Rangers might have stolen an undeserved point had Adel Taarabt hit a last second free kick with more venom, but he did find the target all the same and Krul needed two attempts to gather the ball.

Maybe Redknapp’s message was more for the players – both those already at QPR and those who might soon be. The days of big wages for little return are over and, as the manager points out, should never really have begun in the first place at a club with the smallest stadium in the league. Redknapp says the club won’t be screwed over by sellers taking advantage of a desperate situation – if Rangers don’t take a significant points haul from the two remaining games this week he may deem January a month of more use for offloading the likes of Bosingwa if he can possibly find willing buyer, rather than adding further at a notoriously difficult time of the year to do decent business.

Or perhaps he’s just getting his excuses in early. Redknapp surely knows he’s faced with a colossal task to repair the damage Queens Park Rangers have inflicted on themselves over the last 18 months.

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Newcastle: Krul 6, Simpson 6, Coluccini 6, Williamson 6, Santon 6, Gutierrez 6 (Obertan 60, 7), Perch 5, Tiote 6 (Marveaux 77, 7), Anita 7, Ba 5, Cisse 5 (Sh Ameobi 61, 6)

Subs not used: Harper, Ferguson, Bigirmana, Sa Ameobi

Goals: Ameobi 81 (assisted Anita)

Bookings: Tiote 62 (foul), Perch 87 (foul), Ameobi 90 (foul)

QPR: Green 7, Ferdinand 4, Nelsen 7, Hill 6, Fabio 5, Mackie 5, Mbia 6, Faurlin 5 (Derry 78, 5), Granero 5 (Wright-Phillips 56, 5), Taarabt 5, Cisse 5 (Hoilett 64, 5)

Subs not used: Murphy, Traore, Onuoha, Diakite

Bookings: Ferdinand 41 (kicking ball away), Hill 85 (foul)

QPR Star Man – Ryan Nelsen 7 Blotted his copy book rather by straying too deep and playing Ameobi onside for the goal but otherwise carried the defence through the game as he has done so often this season, winning more than his fare share in the air and battling hard on the ground as well. Player of the Year awards already look like they’re sewn up in his favour.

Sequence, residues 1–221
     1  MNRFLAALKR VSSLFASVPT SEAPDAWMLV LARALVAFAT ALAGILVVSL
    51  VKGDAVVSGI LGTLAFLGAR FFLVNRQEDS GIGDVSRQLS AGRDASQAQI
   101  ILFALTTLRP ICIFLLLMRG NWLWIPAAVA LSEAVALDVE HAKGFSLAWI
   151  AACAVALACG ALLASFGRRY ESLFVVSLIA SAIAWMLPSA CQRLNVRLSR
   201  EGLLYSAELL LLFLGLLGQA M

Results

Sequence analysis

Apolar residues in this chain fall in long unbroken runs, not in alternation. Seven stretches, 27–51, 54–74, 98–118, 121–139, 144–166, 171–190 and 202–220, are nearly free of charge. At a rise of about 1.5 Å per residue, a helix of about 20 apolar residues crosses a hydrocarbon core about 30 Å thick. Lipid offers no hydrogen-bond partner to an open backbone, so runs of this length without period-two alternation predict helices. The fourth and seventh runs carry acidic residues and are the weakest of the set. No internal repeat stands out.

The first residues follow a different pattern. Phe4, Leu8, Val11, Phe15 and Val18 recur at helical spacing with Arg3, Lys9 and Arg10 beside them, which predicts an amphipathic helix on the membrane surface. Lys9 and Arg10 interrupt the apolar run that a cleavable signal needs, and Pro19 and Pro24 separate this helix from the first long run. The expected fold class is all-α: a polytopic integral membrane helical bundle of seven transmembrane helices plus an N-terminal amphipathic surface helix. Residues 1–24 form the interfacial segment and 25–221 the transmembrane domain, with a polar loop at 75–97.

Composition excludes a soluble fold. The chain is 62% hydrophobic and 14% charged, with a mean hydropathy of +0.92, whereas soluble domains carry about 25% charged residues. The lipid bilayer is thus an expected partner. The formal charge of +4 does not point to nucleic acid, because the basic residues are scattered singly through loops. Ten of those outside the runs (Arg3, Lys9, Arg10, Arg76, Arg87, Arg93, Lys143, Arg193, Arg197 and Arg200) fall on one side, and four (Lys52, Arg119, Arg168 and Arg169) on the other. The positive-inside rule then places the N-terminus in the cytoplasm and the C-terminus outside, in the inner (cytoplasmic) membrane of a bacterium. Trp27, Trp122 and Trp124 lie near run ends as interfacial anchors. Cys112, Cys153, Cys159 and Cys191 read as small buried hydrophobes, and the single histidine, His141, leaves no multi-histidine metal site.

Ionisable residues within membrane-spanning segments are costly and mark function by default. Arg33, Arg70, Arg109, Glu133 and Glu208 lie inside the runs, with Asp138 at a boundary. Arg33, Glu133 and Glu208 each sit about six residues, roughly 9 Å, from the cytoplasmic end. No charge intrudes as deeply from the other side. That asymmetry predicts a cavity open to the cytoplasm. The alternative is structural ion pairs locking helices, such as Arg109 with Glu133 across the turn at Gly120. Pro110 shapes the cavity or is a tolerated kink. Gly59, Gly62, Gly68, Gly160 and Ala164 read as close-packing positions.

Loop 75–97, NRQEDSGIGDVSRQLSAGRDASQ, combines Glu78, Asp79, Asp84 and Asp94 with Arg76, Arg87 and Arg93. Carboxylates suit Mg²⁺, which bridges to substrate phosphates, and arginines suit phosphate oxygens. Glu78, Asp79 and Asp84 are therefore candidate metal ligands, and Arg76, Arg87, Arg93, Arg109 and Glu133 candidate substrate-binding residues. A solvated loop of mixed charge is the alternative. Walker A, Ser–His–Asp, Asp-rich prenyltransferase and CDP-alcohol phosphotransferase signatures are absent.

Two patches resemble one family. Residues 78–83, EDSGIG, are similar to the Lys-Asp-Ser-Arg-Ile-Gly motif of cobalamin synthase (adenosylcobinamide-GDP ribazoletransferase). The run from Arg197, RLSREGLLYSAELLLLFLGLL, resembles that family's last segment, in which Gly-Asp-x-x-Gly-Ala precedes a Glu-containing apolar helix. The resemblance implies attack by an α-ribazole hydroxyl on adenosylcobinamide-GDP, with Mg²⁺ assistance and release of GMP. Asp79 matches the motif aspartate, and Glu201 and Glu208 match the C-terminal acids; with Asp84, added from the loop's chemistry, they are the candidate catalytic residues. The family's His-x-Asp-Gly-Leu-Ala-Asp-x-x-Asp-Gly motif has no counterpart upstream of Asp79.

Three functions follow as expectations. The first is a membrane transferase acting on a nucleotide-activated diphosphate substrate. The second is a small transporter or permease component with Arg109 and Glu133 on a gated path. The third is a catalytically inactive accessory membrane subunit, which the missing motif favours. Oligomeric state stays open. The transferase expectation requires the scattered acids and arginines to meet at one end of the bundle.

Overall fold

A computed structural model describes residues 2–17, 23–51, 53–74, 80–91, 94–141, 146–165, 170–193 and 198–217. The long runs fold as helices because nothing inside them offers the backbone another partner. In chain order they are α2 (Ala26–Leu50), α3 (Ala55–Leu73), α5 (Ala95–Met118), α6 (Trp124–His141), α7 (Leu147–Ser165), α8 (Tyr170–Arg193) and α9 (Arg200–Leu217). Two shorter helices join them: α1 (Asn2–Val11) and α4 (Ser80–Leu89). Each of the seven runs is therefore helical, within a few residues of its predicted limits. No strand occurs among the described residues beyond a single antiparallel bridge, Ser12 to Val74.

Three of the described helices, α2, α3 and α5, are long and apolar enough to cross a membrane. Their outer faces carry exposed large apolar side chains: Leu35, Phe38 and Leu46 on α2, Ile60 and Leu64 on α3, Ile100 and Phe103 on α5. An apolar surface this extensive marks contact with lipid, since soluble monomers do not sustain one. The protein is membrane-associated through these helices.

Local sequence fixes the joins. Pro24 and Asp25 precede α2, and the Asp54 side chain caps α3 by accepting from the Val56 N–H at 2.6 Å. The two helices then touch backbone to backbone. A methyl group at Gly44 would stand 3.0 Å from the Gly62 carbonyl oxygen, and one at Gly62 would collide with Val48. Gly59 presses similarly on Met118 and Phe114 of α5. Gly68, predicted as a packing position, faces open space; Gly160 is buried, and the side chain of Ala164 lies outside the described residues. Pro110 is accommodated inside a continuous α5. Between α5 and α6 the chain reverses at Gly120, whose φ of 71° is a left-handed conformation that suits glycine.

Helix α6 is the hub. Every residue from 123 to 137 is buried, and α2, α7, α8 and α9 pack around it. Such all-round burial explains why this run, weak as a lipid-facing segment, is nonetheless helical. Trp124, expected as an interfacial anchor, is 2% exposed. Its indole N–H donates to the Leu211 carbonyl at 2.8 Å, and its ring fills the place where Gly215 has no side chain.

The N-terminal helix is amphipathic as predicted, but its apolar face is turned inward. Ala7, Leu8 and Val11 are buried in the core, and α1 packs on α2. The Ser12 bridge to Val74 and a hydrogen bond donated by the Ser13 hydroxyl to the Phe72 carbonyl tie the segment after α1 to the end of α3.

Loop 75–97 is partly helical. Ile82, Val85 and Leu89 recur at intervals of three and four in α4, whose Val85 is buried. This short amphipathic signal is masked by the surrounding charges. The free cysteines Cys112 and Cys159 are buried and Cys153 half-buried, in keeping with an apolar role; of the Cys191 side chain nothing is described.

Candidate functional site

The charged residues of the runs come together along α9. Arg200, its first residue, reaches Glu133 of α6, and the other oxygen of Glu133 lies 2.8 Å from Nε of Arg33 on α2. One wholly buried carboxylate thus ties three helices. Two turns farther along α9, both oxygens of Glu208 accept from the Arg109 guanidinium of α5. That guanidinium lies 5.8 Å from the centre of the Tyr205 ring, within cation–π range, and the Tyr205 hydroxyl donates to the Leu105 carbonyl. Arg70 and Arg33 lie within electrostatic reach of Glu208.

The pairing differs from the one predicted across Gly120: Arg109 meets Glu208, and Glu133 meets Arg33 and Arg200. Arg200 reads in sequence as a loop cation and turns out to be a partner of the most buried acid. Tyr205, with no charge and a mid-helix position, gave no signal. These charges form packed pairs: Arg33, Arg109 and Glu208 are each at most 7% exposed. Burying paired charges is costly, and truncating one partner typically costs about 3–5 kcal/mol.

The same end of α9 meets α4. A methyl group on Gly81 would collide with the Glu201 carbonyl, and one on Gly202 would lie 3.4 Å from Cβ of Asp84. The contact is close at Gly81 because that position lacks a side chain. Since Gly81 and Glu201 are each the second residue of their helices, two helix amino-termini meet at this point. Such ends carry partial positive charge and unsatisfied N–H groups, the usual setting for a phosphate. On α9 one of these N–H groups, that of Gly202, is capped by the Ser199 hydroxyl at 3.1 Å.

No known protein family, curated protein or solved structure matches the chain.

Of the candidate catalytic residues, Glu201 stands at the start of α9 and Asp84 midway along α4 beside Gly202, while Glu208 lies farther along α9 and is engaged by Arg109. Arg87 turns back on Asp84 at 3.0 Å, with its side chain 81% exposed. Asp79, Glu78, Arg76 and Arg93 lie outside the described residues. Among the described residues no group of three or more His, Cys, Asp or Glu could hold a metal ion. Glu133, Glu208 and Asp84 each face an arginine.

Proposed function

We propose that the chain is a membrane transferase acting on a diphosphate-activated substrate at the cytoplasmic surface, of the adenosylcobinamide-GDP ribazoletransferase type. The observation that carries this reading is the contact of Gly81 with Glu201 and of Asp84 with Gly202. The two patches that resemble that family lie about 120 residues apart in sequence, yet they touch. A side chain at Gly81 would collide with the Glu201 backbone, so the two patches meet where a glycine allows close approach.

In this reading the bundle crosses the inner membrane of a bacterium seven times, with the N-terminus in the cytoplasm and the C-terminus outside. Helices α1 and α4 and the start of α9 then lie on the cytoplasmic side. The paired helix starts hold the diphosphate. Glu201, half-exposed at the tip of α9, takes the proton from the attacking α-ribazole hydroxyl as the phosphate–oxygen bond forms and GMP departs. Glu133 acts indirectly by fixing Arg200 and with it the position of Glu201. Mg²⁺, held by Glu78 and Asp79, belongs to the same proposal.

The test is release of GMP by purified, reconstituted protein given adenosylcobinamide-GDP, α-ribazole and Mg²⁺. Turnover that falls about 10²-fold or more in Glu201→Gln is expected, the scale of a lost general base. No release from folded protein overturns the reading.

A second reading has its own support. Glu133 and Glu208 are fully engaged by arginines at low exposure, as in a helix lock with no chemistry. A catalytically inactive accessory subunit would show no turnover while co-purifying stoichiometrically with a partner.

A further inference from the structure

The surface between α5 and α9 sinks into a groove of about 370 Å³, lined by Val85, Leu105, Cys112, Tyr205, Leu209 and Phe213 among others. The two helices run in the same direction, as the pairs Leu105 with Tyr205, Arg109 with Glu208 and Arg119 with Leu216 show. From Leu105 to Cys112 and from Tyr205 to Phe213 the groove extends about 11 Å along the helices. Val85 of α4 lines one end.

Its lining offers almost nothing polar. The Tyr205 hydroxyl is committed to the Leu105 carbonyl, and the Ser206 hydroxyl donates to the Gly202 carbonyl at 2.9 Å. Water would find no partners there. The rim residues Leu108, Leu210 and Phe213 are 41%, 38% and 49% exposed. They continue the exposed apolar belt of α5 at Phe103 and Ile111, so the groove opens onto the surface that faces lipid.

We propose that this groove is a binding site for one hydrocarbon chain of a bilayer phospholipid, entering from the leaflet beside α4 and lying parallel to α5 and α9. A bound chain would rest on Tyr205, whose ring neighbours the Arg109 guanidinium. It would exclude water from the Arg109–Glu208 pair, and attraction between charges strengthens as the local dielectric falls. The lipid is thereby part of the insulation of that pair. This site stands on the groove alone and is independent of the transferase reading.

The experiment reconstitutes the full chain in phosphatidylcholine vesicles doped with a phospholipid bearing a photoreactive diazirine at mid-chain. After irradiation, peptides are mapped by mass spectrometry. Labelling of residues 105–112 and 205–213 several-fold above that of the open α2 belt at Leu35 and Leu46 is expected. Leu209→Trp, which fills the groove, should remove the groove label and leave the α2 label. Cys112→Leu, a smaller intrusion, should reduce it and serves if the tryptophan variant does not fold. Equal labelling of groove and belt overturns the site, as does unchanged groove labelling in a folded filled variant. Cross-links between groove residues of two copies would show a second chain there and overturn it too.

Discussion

Referee – Kevin Friend (Leicestershire) 6 Got so pedantic and pernickety about things in the closing stages of the game I wanted to go down and beat him to death, a shame really because in the first half he’d shown a willingness to let the game flow and not reward players for throwing themselves to the floor by constantly awarding free kicks. No big decisions wrong but a mediocre and at time infuriating display that further hampered a dreadful match.

Attendance 50,180 (1,100 QPR approx) I’m enjoying this current trend for singing “Harry Redknapp’s blue and white army” throughout the second half, although given the position of the away fans at St James’ Park it likely served little purpose than keeping us all warm. Well done to everybody who made that trip in that weather for that price at this time of year to watch this team – massive respect.

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qprmick added 03:44 - Dec 24
With Ferdinand playing, I was quite pleased that Cabaye is out injured, he would have had a field day.
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AussieRs added 03:46 - Dec 24
Great report as ever Clive, many thanks.